Today, the Federal Register published the Department of Health and Human Services’ notice of proposed rulemaking that seeks to ensure that HHS “funds do not support coercive or discriminatory policies or practices in violation of federal law” (lower case mine). The notice for these proposed conscience protection rules can be found in PDF via this link. The deadline for filing comments is September 25, 2008.

Little Hope for Religious Freedom in China after the Olympics

by Bill Saunders

August 21, 2008

As we saw in the Olympics the problem is not the wonderful Chinese people it is the woeful Chinese government. The government increased persecution in the lead-up to the Olympics and there is no reason to think it will change after the Olympics. See my new paper about the increase in religious persecution before the Olympics, which is a true prediction of what will happen afterwards.

Go World USA

by Michael Fragoso

August 14, 2008

I was watching the Olympics last night, and was struck by a number of things. When, exactly, did “beach volleyball” become an Olympic sport-and why isn’t there any Kenny Loggins playing during the game? Is Michael Phelps really the guy from Waterworld? And most importantly, what is Visa thinking?

Their series of “Go World” commercials defy any sort of explanation. Narrated by Lucius Fox-err, Morgan Freeman-and put to music clearly lifted from an exhibit in Epcot Center, they strive to embody the very soppiest of Olympic-tide twattle.

We’re told, “We don’t always agree, but for a few shining weeks we set it all aside…” Right. Tell that to the people of Georgia. Freeman goes on, “[We] come together, and stand, and cheer, and celebrate, as one.” We act as one. That’s rich, given that the games are being hosted by the ideological step children of history’s most bloodthirsty and murderous collectivist. “We forget all the things that make us different, and remember all the things that make us the same.” I guess some people in the Chinese government missed the memo on that. Oops. We’re lastly admonished to take up a new cheer: Go World.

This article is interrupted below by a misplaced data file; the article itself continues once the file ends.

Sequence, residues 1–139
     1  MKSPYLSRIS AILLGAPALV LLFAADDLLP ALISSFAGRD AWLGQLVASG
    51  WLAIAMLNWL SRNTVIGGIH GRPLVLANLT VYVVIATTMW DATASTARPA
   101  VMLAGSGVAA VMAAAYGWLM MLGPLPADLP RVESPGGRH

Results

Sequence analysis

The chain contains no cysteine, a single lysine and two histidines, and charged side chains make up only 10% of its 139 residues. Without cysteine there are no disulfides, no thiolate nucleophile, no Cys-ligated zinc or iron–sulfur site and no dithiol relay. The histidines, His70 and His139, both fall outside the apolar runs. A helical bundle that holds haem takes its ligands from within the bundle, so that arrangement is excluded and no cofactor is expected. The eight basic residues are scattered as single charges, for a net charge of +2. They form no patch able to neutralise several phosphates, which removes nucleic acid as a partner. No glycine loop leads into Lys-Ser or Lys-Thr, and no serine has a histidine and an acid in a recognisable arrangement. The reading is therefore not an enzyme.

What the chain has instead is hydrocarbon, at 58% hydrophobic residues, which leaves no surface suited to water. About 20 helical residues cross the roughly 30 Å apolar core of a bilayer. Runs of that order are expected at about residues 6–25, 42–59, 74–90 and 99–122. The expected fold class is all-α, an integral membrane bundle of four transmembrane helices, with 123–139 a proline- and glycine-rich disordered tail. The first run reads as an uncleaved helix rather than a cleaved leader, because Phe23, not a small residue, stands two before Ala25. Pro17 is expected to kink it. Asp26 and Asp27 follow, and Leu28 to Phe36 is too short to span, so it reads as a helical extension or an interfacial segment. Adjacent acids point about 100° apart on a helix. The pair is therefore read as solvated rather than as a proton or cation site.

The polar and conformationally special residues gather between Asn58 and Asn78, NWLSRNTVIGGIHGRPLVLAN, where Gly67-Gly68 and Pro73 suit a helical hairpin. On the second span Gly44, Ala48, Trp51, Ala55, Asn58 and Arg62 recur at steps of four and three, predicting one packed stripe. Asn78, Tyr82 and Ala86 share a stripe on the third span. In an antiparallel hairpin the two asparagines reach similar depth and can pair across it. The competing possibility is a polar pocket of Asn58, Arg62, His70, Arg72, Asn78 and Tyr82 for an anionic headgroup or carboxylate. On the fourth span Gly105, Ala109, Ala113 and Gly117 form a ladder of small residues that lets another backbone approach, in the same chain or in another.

Listen, I’m perfectly fine with athleticism for athleticism’s sake. I think it’s just great. I respected Curt Schilling pitching a masterful game seven in the 2004 ALCS with a torn up ankle-even though he was playing for a bunch of dirty Boston scrubs against the greatest team in the history of sports. In fact, Leon Kass and Eric Cohen recently had an excellent piece The New Republic on how the human good of pure athleticism is the benchmark ethical criterion for discussions of performance enhancement. This Visa campaign is not that. What we have here is trite utopian One-Worldery channeled into a sentimentalist corporate ad campaign. It would probably be par for the course with the Olympics, but given both the tense state of world affairs and the brutal tyranny of the Chinese Communist host regime it is not only in bad taste but is insulting.

The Chinese regime wants us to overlook their current despotic ways-and forget that these are but minor peccadilloes compared to the grievous sins of their not-so-distant past-amidst a tidal wave of artificial pomp and ginned-up false unity. The recently departed Aleksandr Solzhenitsyn warned us against that sort of historical amnesia, and it’s a shame that Visa is willing to help us along that path. It didn’t used to be that useful idiots and fellow travelers could count among their ranks international conglomerations. So much for the Running Dog…

No prize for religious freedom at this Olympic Games

by Bill Saunders

August 6, 2008

On the cusp of the Olympic games, we should pause to recall that, in order to win the right to hold the Games, China argued that hosting the Olympics would help it move toward democracy and respect for human rights. Now, the day before the Olympics, we know that is not the case. Human rights have deteriorated in the year leading up to the Games. In particular, religious freedom - for all religions - has been curtailed. Christians have suffered as well.

In a case in which FRC got involved last December, over 200 pastors were arrested, beaten, and 21 imprisoned for multi-year terms. Their crime? Holding an unauthorized Bible study. “House churches” have been targeted in a crackdown called the “strike hard” campaign. Likewise, Catholic members of the underground or unregistered or unofficial Catholic church have been imprisoned.

China remains a “country of concern” for violating the right to religious freedom on the short lists of the State Department and the U.S. Commission on International Religious Freedom. One Chinese Muslim likened these Olympics to Hitler’s - both showcased a totalitarian regime. It will be a sad day for human rights and religious freedom when the Games open tomorrow in Beijing.